Sure sounds daunting. You all know the jazz joke about “when drums stop,” right?
Solo turns out to be an easier listen than it appears. Grimes shows he’s still got not only bass chops, but rhythm and some tunes in him. The atmosphere is more springy than academic. And he alternates between bass and violin, taking the intimidating edge off the “all solo bass” stigma. (Yes, that invalidates this entry’s title. Blogger’s prerogative.)
On top of that, the CD isn’t the single uninterrupted piece I was expecting. Each CD has only one track on it, and the whole thing does appear to have been recorded without interruption. But the performance is filled with long pauses as Grimes switches instruments. You even hear the clacking of a bow being put down, or the sounds of the bass being moved into place. I’m guessing he’s taking some breathing time in there as well, letting the music resettle inside his mind.
So, it’s an easier listen than you might gather. Inside the dauntingly blank, deep-colored packaging is a warm shower of colors.
The music is mostly an exploration of sounds and tones. When using a bow, especially on violin, Grimes tends to stay in one tonal center. This lets him use open strings to put long ringing tones into the mix, letting them blend with a scattering of other notes. Lots of double-stops (moments of playing two strings at once) show up on the violin passages. The result is almost like a drone, but more dynamic and colored. It’s screechy, recalling Leroy Jenkins.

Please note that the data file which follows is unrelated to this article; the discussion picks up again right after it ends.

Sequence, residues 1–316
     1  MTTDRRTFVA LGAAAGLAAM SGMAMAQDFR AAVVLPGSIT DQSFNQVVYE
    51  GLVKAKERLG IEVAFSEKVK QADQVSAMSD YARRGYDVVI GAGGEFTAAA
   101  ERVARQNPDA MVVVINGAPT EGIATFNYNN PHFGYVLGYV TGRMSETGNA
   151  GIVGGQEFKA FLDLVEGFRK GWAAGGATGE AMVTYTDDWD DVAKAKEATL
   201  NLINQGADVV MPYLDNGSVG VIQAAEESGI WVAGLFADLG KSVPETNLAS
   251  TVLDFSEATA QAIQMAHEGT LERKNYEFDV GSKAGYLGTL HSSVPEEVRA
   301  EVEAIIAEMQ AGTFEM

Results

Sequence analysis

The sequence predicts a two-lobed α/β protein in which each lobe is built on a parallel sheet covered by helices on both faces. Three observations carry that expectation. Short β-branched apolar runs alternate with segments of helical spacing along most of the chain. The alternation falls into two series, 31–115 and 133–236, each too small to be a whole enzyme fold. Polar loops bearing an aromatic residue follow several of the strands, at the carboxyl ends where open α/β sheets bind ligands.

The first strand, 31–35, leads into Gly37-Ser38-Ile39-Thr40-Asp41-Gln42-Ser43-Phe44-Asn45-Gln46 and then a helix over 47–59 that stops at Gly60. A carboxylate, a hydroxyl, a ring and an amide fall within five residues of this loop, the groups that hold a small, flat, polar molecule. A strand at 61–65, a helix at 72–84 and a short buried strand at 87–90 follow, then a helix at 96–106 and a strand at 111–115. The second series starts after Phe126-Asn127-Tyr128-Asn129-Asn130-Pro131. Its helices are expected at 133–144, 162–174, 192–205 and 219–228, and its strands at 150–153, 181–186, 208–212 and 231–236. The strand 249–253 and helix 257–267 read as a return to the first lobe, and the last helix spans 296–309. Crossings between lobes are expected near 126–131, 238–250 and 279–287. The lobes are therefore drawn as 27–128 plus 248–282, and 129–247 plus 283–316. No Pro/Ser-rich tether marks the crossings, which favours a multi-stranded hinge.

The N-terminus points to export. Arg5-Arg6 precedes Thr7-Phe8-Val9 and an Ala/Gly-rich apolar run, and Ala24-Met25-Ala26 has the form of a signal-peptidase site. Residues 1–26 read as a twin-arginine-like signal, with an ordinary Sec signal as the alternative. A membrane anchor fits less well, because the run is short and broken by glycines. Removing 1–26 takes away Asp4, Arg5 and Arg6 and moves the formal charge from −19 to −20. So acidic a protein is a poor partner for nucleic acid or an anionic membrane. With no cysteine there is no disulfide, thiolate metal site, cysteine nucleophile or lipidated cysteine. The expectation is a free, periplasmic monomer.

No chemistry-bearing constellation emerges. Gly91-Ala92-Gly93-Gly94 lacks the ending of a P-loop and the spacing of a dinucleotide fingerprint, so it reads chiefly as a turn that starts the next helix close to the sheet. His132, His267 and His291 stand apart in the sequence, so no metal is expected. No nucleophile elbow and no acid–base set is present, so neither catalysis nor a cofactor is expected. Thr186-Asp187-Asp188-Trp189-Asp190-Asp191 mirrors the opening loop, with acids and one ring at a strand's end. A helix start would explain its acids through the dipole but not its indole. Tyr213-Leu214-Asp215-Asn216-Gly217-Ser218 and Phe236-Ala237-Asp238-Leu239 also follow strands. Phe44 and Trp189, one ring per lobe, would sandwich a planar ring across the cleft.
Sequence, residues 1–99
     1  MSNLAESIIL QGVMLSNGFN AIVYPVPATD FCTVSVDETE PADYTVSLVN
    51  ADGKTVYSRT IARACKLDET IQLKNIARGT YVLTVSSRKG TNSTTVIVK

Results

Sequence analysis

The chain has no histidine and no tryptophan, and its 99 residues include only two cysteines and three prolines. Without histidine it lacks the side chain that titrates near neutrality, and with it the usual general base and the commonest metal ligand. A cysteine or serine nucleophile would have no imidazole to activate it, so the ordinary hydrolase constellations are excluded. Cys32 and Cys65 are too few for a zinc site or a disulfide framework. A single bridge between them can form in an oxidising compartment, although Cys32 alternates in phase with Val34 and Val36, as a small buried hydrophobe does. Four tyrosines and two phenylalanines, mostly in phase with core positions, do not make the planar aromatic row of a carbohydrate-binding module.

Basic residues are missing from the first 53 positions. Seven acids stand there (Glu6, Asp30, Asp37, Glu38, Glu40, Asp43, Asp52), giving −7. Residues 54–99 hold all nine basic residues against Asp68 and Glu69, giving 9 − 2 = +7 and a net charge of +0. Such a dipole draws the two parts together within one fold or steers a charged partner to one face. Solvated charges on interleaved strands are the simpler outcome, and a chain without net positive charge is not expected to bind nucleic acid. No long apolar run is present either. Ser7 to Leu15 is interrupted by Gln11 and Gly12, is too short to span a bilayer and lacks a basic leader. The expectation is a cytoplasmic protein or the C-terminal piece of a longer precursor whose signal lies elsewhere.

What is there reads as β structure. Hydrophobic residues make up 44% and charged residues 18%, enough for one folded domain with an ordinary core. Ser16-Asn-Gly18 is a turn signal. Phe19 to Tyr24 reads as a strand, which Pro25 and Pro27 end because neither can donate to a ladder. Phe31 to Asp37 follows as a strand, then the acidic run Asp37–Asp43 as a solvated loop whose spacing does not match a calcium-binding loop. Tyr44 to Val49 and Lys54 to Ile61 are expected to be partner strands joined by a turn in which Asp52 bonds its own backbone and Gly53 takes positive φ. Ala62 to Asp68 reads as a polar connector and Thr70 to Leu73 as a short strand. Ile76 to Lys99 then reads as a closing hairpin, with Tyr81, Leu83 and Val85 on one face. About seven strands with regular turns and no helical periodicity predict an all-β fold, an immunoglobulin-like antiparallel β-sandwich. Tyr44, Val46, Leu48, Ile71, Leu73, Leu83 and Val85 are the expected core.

Grimes’ bowed bass goes further out, adding a deeper variety but following similar strategies. It’s the pizzicato bass passages that I like best, though. That’s partly because I love that sound in the first place. But it’s also because these passages are where Grimes really digs deep. The changes in melody, rhythm, speed, and ideas all come more quickly and feel more considered, less instinctual, than the violin or bowed-bass segments.
I appreciate that the session carries the feel of a performance, rather than a practice. Grimes speaks only once or twice, fragments of words to himself, and he makes an effort to get each new segment moving quickly, without tentativeness. As Dusted Magazine notes in its review, the time passes quickly because there’s just so much going on.
Peter Kowald and Damon Smith — Mirrors: Broken, but No Dust (Balance Point Acoustics, 2001) ….. Kowald was a master improviser and an idol to Smith, who must have been overjoyed at the chance to do this recording. Smith more than holds his own in a set of meaty, tough-fisted improvisations.
Any other suggestions?